A daily roundup of global reports on security issues
Egyptian authorities arrested senior Muslim Brotherhood leader Essam el-Erian today, adding another big name to the list of Brotherhood leaders – including deposed President Mohamed Morsi – who are expected to stand trial next week on charges of inciting violence.
The group, which had functioned semi-underground in Egypt for decades before the revolution that overthrew former President Hosni Mubarak, rode a wave of popular support into the presidency and to the top of a governing coalition in the legislature. But Mr. Morsi and the Brotherhood alienated many Egyptians with their political style and lost the support of the military, which ousted them in a July coup.
Now the group is facing one of the darkest moments in its history, outright banned by an Egyptian court in September and with its leaders who haven't yet been arrested in hiding. Mr. Erian was the vice president of the Freedom and Justice Party, the Brotherhood's political arm, and one of its last leaders still at large, according to Egypt's Al Ahram, a state-owned newspaper.
Many leaders have been arrested on similar "inciting violence" charges since July. At least 1,000 people were killed in the ensuing violence, as pro-Morsi protest camps were overrun by police. But the charges against Brotherhood leaders stem from an incident last December, when clashes erupted outside the presidential palace after Morsi issued a decree expanding his powers, Reuters reports.
Al Ahram reports that Erian pre-recorded several video messages that have now been broadcast on Al Jazeera.
The most notable of these messages was directed at the country’s interim government or what El-Erian described as ‘coup leaders,' demanding they recognize their "mistakes" and “confess that they’ve sided with one particular faction against another.”
With court proceedings against Erian, Morsi, and other leaders scheduled to begin next week, tensions are high. On Monday Morsi's supporters said that the former president wouldn't recognize the legitimacy of the military-backed government that replaced him and that he would not use a lawyer in court, "because to do so would imply that he accepted the legitimacy of the court and its proceedings," according to The Los Angeles Times.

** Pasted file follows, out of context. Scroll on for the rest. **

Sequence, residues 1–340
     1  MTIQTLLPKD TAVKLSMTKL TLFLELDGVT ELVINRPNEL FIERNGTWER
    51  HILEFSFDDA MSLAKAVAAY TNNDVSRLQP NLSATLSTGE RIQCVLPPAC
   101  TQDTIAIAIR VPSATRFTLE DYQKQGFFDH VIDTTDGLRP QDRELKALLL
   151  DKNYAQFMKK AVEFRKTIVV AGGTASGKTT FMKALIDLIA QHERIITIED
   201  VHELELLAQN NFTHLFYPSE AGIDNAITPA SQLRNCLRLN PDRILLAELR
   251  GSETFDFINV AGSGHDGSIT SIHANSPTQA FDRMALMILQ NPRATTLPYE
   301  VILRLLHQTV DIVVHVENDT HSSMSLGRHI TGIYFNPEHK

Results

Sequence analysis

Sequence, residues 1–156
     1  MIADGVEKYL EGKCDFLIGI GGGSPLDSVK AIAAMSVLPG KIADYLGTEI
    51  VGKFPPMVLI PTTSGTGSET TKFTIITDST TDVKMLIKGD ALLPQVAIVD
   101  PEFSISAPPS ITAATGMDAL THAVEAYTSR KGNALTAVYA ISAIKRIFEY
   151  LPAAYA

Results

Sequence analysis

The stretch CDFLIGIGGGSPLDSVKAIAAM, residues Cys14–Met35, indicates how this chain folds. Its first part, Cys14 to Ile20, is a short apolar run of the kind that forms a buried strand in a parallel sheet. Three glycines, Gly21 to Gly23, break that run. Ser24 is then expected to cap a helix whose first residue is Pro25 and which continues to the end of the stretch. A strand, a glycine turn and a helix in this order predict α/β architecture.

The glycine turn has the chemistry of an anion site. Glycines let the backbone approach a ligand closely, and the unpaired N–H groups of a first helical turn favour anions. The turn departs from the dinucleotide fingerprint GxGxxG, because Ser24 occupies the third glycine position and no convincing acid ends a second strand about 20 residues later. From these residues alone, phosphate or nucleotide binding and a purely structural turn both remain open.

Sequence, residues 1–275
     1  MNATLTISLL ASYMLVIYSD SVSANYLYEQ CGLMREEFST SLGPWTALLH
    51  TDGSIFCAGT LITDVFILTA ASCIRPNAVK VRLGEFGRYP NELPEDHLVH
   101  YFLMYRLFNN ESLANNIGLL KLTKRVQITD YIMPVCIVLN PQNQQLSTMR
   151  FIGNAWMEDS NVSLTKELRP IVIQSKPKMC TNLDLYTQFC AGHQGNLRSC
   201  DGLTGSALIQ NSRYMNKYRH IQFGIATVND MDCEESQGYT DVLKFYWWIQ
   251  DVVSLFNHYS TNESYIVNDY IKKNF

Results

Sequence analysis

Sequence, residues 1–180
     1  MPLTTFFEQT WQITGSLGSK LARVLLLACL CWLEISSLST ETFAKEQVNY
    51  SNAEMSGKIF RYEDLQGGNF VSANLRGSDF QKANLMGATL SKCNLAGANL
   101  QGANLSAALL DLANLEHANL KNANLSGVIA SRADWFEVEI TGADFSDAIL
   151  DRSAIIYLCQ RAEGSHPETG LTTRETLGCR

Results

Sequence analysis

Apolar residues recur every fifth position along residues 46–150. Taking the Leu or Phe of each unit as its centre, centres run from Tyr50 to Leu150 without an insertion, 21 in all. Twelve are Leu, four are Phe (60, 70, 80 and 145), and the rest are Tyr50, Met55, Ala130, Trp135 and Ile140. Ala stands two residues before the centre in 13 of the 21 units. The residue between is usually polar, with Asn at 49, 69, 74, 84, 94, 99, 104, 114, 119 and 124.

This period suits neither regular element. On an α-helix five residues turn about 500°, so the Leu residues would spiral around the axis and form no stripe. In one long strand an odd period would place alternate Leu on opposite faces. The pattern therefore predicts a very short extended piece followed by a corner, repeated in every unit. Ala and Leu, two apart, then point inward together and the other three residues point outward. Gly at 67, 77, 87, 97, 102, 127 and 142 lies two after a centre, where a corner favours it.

On Tuesday the judges presiding over a parallel trial of Brotherhood Supreme Guide Mohammed Badie and deputy Khairat El Shater, stepped down, forcing that trial to be abandoned. The judges cited "unease" over the proceedings, the LA Times reports.
The US has tried and failed to exert influence over the military-backed government since Morsi's July ouster. It announced a partial suspension of its $1.6 billion aid package to Egypt earlier this year – it had no choice, given a law that bars the US from providing aid to "governments that come to power through force," according to The Washington Post – but the move garnered little reaction in Cairo because a $12 billion aid package from Saudi Arabia, the United Arab Emirates, and Kuwait has made US funds superfluous.
The US now appears to be seeking ways to backtrack on the aid suspension to try to halt the erosion of its influence.
The Obama administration has charged Congress with finding a "legislative work-around" to keep the money on track, insisting the money is essential to ensuring US interests in the Middle East. According to the Post, most lawmakers at a House foreign affairs committee hearing Tuesday were in favor, considering it "the best of bad options."
“While we would like a democratic partner for our many security interests in the region, we need a partner,” said Rep. Edward R. Royce (R-Calif.), the committee chairman. “We should push and pull with what influence we have.”
Rep. Eliot L. Engel (NY), the ranking Democrat on the panel, said the military’s removal of Morsi, an Islamist criticized as failing to govern inclusively, “replaced one autocratic government with another.” But he argued that a partial suspension of military aid would not encourage democratic reforms in Cairo.
“In fact, I think it’s more than likely to have the opposite effect,” he said. “That military cooperation is important. We’ve spent billions of dollars. We’ve cemented relationships. Let’s use them. Let’s not destroy them. Let’s use them.”
An unnamed congressional appropriator told the Post that the US has continued sending military equipment and funding for civilian programs using money set aside before the July coup, but when it runs out in a couple months, the US cannot continue sending money without breaking its own law – or changing it. The US also halted the scheduled delivery of F-16 fighter planes, Abrams tanks, Apache helicopters and Harpoon missiles in a bid to encourage the Egyptian government to hold promised elections soon. But as the Post notes, "there is little evidence that the strategy is bearing fruit."